The tragic accident took place on Friday and left at least 107 pilgrims dead and injured 238 others. (Anadolu Agency/Getty Images)
Despite a crane collapse that killed at least 107 pilgrims in Mecca’s Grand Mosque on Friday, this year’s Hajj pilgrimage will go ahead, Saudi government officials said on Saturday.
The tragic accident took place on Friday as worshippers gathered for Friday prayers, which left at least 107 pilgrims dead and injured 238 others, according to reports.
The Grand Mosque, also known as Masjid al-Haraam, is the largest mosque in the world and surrounds Kaaba, the holiest religious site for Muslims.
Suleiman al-Amr, the head of Saudi’s civil defence authority, said strong winds as a result of storm caused the disaster. He said the rescue teams were immediately sent to the mosque.
Suleiman al-Amr, the head of Saudi’s civil defence authority, said strong winds as a result of storm caused the disaster. He said the rescue teams were immediately sent to the mosque
Irfan al-Alawi, co-founder of the Mecca-based Islamic Heritage Research Foundation, blamed authorities of negligence. “They do not care about the heritage, and they do not care about health and safety,” he told Agence France-Presse (AFP).
With world leaders coming forward to offer their condolences, a probe into the accident has been ordered by Prince Khaled al-Faisal, the governor of Mecca.
Soon after the accident took place on Friday, social media was replete with pictures and videos showing pilgrims lying on the blood-stained floor, surrounded by debris.
Abdel Aziz Naqoor, who works at the mosque, told AFP that he saw the crane falling after being hit by the storm.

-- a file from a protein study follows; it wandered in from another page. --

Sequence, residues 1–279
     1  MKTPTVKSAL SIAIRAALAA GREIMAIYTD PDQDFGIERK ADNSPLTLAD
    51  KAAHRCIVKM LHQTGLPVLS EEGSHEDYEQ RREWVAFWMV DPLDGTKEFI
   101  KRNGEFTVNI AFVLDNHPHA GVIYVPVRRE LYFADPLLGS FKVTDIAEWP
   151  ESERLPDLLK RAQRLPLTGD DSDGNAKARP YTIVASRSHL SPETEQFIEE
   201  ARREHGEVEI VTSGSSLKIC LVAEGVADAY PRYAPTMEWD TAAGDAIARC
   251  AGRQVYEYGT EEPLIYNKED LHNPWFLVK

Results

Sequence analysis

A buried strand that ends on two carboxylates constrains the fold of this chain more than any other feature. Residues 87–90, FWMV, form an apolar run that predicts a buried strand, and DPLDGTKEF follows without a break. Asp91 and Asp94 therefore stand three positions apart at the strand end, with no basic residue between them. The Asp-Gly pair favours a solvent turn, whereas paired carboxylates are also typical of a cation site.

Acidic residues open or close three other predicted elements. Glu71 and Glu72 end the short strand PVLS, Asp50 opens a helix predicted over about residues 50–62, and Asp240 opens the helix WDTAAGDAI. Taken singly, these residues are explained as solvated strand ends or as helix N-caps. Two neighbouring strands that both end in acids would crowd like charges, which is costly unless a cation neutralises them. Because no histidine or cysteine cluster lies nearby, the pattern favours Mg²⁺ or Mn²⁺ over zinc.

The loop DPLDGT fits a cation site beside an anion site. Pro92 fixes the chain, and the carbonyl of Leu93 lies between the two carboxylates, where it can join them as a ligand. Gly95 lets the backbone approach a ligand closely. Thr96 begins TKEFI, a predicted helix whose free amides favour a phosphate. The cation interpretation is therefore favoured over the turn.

“If it weren’t for al-Tawaf bridge, the injuries and deaths would have been worse,” he said, referring to a walkway that surrounds the Ka’bah.
Millions of Muslims from across the world, including from Afghanistan, converge in the holy city of Mecca for annual Hajj pilgrimage every year
Millions of Muslims from across the world, including from Afghanistan, converge in the holy city of Mecca for annual Hajj pilgrimage every year.
It is not the first such accident during pilgrimage time. In 2006, a stampede resulted in the death of 350 pilgrims. In the same year, at least 76 people were killed after a building collapsed. In 2004, more than 200 people were killed in another stampede.
The grand mosque, which houses the Ka’bah, is surrounded by a number of cranes because of the ongoing construction work to enlarge the mosque by 400,000 sq m, which will accommodate up to 2.2 million pilgrims every year. The work was expected to be complete before the pilgrimage commences from September 22.
The Saudi Press Agency said that almost 800,000 pilgrims had arrived by Friday for the annual pilgrimage. Last year, around two million pilgrims had come for the pilgrimage.
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